Trial of the Pyx
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Trial of the Pyx
Trial of the Pyx in the Livery Hall at Goldsmiths' Hall

The Trial of the Pyx is the procedure in the United Kingdom for ensuring that newly minted coins conform to the required standards. These trials have been held from the twelfth century to the present day, normally once per calendar year.

The form of the ceremony has been essentially the same since AD 1282. These events are trials in the full judicial sense, presided over by a judge with an expert jury of metallurgical assayers. Given modern production methods, it is unlikely that coins would not conform, but this has been a problem in the past--it was tempting for the Master of the Mint to steal the coins' precious metals.

Trials are now held at the Hall of the Worshipful Company of Goldsmiths; formerly, they took place at the Palace of Westminster. There is also a Pyx Chapel (or Pyx Chamber) in Westminster Abbey, which was once used as secure storage for the Pyx and related articles.

The term "pyx" refers to the boxwood chest (in Greek, , pyxis) in which coins were placed for presentation to the jury.


In medieval times the Master of the Mint was ordered to save for trial one coin for every ten pounds of silver minted. A trial was normally conducted every three months.

The presiding judge is the Queen's Remembrancer (or King's Remembrancer when the sitting monarch is male), the Senior Master of the Queen's Bench. It is his or her responsibility to ensure that the trial be held in accordance with the law and to deliver the jury's final verdict to Her Majesty's Treasury. Where and when a trial is to take place is at the Treasury's discretion, though there must be a trial in any year during which the Royal Mint issues coins.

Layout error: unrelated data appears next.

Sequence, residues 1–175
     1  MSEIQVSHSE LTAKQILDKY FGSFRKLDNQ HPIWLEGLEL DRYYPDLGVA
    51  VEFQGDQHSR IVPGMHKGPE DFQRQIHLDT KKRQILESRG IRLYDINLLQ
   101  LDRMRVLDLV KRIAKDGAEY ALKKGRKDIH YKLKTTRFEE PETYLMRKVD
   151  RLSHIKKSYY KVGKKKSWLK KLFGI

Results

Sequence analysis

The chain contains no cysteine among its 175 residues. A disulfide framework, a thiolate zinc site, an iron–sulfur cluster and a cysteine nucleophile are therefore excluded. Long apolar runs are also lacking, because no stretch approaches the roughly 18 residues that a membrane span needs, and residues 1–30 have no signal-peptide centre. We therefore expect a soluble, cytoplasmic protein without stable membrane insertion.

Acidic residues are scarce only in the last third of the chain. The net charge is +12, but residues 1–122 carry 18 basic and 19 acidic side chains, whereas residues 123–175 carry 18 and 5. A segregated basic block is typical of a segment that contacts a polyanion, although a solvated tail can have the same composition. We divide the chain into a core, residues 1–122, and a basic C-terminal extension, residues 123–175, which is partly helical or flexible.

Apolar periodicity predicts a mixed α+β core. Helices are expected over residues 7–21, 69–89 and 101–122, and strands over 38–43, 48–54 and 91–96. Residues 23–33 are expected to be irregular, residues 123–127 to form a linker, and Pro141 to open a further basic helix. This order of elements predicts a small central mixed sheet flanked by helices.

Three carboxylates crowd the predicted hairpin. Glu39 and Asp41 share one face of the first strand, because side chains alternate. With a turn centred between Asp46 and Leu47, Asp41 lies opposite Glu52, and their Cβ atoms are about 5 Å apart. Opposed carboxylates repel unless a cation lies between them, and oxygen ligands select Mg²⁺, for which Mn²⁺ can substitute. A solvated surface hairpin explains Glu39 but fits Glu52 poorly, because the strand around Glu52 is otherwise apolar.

Coins to be tested are drawn from the regular production of the Royal Mint. The Deputy Master of the Mint must, throughout the year, randomly select several thousand sample coins and place them aside for the Trial. These must be in a certain fixed proportion to the number of coins produced. For example, for every 5,000 bimetallic coins issued, one must be set aside, whereas for silver Maundy money the proportion is one in 150.

The jury is composed of at least six assayers from the Company of Goldsmiths. They have two months to test the provided coins, and decide whether they have been properly minted. Criteria are given for diameter, chemical composition and weight for each class of coinage.

Statutory basis for the Trial of the Pyx is given by the Coinage Act 1971, the latest in a long series of similarly named Acts of Parliament. Specific procedures are established by Order in Council, the most recent being the Trial of the Pyx Order 1998,[1] which was amended in 2005,[2] 2012[3] and 2016.[4] It is not required for a new Order to be issued for each Trial: this is mandated (to occur) only with regulatory revision.

See also


UK legislation

  This article uses material from the Wikipedia page available here. It is released under the Creative Commons Attribution-Share-Alike License 3.0.



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